Araújo, R., Bárbara, I., Sousa-Pinto, I., and Quintino, V. (2005). Spatial variability of intertidal rocky shore assemblages in the northwest coast of Portugal. Estuar. Coast Shelf Sci. 64, 658–670. doi: 10.1016/j.ecss.2005.03.020

CrossRef Full Text | Google Scholar

Balducci, C., Sfriso, A., and Pavoni, B. (2001). Macrofauna impact on Ulva rigida C. Ag. production and relationship with environmental variables in the lagoon of Venice. Mar. Environ. Res. 52, 27–49. doi: 10.1016/S0141-1136(00)00259-2

CrossRef Full Text | Google Scholar

Barnard, J. L. (1979). Littoral gammaridean Amphipoda from the Gulf of California and the Galapagos Islands. Smithson. Contr. Zool. 271:149.

Google Scholar

Bellwood, D. R., Hoey, A. S., and Choat, J. H. (2003). Limited functional redundancy in high diversity systems: resilience and ecosystem function on coral reefs. Ecol. Lett. 6, 281–285. doi: 10.1046/j.1461-0248.2003.00432.x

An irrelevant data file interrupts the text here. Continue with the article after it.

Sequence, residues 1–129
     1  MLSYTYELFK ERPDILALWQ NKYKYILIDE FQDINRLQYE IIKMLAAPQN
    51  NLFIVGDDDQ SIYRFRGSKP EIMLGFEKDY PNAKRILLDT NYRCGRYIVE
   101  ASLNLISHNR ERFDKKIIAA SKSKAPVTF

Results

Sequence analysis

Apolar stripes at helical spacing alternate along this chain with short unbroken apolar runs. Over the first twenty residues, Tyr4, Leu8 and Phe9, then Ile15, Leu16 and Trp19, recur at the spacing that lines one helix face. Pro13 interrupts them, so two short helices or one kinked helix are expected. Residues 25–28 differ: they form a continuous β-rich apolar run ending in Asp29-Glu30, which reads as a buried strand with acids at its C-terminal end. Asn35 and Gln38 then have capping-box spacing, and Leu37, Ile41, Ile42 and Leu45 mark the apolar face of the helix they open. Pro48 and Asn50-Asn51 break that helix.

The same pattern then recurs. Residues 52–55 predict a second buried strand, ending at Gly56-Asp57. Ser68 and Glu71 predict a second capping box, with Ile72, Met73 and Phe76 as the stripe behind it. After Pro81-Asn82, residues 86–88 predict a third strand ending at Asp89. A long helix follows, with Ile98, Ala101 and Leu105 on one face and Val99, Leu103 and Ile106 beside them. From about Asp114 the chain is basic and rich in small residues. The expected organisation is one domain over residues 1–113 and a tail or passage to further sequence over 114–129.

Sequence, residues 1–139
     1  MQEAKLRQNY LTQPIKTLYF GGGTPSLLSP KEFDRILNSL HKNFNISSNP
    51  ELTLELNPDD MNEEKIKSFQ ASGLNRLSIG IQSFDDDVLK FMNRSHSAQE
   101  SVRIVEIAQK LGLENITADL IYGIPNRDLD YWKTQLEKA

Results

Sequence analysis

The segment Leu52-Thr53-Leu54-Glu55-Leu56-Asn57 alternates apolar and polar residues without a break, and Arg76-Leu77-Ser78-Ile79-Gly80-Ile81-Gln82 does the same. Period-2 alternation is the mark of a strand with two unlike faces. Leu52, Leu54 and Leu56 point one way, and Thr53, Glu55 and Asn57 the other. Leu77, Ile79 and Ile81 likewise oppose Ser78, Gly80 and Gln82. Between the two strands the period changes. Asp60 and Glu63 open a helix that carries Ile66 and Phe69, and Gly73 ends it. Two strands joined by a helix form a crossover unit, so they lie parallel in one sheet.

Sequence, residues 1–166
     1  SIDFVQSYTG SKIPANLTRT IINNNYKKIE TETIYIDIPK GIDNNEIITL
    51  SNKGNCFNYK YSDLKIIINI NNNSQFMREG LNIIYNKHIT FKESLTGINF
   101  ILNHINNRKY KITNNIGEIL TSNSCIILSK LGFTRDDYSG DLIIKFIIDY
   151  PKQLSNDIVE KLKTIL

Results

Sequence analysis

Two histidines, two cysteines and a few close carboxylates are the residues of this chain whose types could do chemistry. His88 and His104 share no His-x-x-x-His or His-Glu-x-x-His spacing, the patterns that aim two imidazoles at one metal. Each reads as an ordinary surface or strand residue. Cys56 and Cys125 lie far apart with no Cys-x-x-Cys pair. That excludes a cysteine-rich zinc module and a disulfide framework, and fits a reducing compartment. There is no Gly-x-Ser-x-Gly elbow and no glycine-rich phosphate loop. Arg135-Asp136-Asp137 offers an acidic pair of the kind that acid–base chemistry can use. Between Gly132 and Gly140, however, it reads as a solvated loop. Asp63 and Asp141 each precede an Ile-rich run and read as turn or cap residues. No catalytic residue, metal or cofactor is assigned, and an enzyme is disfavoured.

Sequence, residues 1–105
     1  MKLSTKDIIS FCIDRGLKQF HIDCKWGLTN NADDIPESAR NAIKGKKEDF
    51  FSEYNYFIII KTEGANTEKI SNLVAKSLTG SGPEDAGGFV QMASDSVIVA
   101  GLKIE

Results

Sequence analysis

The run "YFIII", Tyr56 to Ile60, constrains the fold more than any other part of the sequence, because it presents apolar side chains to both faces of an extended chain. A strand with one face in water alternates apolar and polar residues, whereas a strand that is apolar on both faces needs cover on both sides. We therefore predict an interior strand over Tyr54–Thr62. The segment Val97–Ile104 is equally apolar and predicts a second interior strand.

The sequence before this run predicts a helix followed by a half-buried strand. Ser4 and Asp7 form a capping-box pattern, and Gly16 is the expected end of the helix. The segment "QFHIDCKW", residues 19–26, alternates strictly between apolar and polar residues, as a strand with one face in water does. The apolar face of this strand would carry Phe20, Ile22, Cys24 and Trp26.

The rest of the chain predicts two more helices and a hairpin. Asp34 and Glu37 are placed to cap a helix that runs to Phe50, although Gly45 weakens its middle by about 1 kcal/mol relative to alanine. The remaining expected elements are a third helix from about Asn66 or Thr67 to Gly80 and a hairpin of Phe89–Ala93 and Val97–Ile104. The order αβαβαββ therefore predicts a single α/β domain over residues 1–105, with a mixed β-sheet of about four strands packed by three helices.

CrossRef Full Text | Google Scholar

Benedetti-Cecchi, L. (2001). Variability in abundance of algae and invertebrates at different spatial scales on rocky sea shores. Mar. Ecol. Prog. Ser. 215, 79–92. doi: 10.3354/meps215079

CrossRef Full Text | Google Scholar

Benedetti-Cecchi, L., Menconi, M., and Cinelli, F. (1999). Pre-emption of the substratum and the maintenance of spatial pattern on a rocky shore in the northwest Mediterranean. Mar. Ecol. Prog. Ser. 181, 13–23. doi: 10.3354/meps181013

CrossRef Full Text | Google Scholar

Blanchette, C. A., Melissa Miner, C., Raimondi, P. T., Lohse, D., Heady, K. E., and Broitman, B. R. (2008). Biogeographical patterns of rocky intertidal communities along the Pacific coast of North America. J. Biogeog. 35, 1593–1607. doi: 10.1111/j.1365-2699.2008.01913.x

CrossRef Full Text | Google Scholar

Brawley, S. H., and Adey, W. H. (1981). The effect of micrograzers on algal community structure in a coral reef microcosm. Mar. Biol. 61, 167–177. doi: 10.1007/BF00386656